How do we continue when we are at our capacity? overwhelmed? terrified? When hope seems cruel? When grief has swallowed us whole? When the darkness closes in and light is a faint memory? When even just the thought of faith is too much to bare?
I celebrated my sixth wedding anniversary by moving into my own apartment. I had left my now ex-husband just a few weeks prior. I moved into a lovely prewar apartment in the Avenues neighborhood of Salt Lake City. It was an ideal place for me to find myself again and begin the long road of healing. Even though I wanted to end my marriage…Even though I was beginning to build a life I wanted…I still had to walk through the valley of sorrow into the depths of despair.
In this lovely apartment in the Avenues with my life in pieces, I grieved the sorrows of my marriage and the the dreams I had hoped for. The internal motivation to meet my commitments and not to disappoint others was numbed by depression. My morning alarm clock would go off and I wouldn’t care about going into work. The time would come and go that I should have been in the shower, should have been in the car, should have been at my desk and I just didn’t care.
But I wanted to care. I wanted to show up in my life. I knew that if I could just get myself out of bed, I could show up in some capacity. But I had to get out of bed.
On one particularly difficult morning, my usual pleadings with myself to get out of bed weren’t working and I was already late for work. As I laid there my focus turned to my pioneer ancestors. I visualized them crossing the plains based upon family lore and journals I had read. I thought of what had been asked of them. How they knew the anguish of leaving one life to create a new one. How they knew the pain and suffering of disappointment, betrayal, grief and fear. And how, in spite of all that, they managed to cross the plains step-by-step. They persevered by taking the next step.
A voice deep inside of me said – Liz, your ancestors crossed the plains. Their blood runs in your veins. If they can walk step-by-step from Winter Quarters to the Salt Lake Valley, you can get out of bed. Get. Out. Of. Bed.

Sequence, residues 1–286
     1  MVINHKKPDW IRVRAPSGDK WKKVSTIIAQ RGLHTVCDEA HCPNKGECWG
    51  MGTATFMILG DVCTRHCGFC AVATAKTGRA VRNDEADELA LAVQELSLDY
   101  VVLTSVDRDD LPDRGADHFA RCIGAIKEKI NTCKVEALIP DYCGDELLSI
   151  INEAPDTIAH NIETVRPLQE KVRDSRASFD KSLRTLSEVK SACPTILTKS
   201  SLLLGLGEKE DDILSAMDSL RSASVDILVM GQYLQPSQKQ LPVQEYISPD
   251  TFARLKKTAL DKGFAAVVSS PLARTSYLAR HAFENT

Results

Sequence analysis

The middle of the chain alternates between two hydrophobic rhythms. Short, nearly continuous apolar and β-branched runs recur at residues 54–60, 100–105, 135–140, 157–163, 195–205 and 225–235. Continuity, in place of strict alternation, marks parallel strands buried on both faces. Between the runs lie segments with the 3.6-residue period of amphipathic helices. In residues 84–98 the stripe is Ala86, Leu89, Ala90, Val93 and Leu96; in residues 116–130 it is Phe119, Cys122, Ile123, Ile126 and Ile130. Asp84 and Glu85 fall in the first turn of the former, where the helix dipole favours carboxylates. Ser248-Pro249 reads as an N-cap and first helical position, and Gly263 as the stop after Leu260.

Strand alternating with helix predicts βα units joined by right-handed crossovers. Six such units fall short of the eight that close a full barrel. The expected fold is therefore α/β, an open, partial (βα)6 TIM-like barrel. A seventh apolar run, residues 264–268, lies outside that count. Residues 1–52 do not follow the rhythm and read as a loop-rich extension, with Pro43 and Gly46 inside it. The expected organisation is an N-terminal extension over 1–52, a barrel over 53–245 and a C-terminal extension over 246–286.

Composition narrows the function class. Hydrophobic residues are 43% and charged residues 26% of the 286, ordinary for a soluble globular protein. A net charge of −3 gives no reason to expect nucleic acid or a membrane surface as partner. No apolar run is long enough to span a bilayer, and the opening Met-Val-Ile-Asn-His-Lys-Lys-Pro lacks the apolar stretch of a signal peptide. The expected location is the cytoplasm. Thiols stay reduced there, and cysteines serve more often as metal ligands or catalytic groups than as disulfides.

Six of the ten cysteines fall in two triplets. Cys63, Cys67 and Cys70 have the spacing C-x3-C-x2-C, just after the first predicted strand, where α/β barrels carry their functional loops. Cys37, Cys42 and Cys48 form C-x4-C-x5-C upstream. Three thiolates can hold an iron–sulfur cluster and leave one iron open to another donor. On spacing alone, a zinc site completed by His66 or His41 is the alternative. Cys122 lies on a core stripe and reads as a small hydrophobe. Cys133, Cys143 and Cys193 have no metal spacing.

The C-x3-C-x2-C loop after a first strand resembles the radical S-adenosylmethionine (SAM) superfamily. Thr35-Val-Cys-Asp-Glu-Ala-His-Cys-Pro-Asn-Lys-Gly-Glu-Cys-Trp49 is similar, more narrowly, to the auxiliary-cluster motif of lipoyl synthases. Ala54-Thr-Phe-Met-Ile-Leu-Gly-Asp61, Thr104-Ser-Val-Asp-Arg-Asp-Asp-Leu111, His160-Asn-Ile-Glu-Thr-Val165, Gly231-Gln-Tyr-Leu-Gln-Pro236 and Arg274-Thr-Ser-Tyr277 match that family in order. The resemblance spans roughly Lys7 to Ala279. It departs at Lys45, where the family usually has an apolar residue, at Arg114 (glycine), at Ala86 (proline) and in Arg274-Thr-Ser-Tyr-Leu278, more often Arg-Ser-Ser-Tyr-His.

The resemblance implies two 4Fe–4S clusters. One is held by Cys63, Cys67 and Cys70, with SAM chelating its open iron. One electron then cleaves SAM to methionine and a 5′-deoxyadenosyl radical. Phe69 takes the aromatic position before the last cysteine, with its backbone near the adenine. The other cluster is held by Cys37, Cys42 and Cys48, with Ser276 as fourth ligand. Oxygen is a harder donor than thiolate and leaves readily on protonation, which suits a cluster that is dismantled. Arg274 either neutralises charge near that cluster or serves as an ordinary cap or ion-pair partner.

And I did.
The lesson manual asks us to ponder the similarities between our journey in this mortal existence and the trek of our early foremothers and fathers. The story I shared illustrates this. It was in that moment when my ancestors transitioned from mythical characters to flesh and blood – my flesh and blood. I could not persevere through the destruction of my marriage and my rebirth with solely my own faculties to draw upon. I needed more and my ancestors provided. I still feel their presence in my life and this moment is a touchstone for me as I continue to navigate the valleys of sorrows and depths of despair that are an innate part of this mortal journey.
Now, we are a global church with many converts. I imagine there are more Mormons without Utah pioneer ancestors then there are with. Yes, their blood my run in my veins, but their stories and their legacy are every Mormon’s. The moment you entered the waters of baptism., the early pioneers became your foremothers and fathers – their legacy becomes your legacy, their stories your stories.
One of the core values of the Mormon Women Project is the power of sharing our stories. A primary purpose of our interviews is for us as Mormon women to understand that we are not alone and for us to see and embrace the diversity within our community. The interviews are witnesses to the many different ways Mormon women honor our covenants and try to make meaning out of this mortal existence. A woman recently told me that reading the MWP interviews help her persevere in her depression. It was helpful for her to read stories that broke down the myth of perfectionism and see how real Mormon women grapple with real life.
This is why it’s also important that we seek out, read and share the stories of the Mormon pioneers. They too can help us persevere in our personal lives and as global citizens. As Mormons it behooves us to know and claim our history that we may be reminded that we are a people who know what it is to be religiously persecuted. That we are a people who know the real consequences of having a country/government turn on you. And what it means to be a refugee. The early Saints were not motivated by a political agenda or a party affiliation. They were motivated by their covenants, by their love of God, by their familial bonds and by their commitment to restoring the Gospel of Jesus Christ. As we navigate the struggles of our lives and of the world, may we remember the sacrifices and perseverance of the Utah Mormon pioneers by honoring our covenants and be courageous enough to take the next step (whatever that may mean).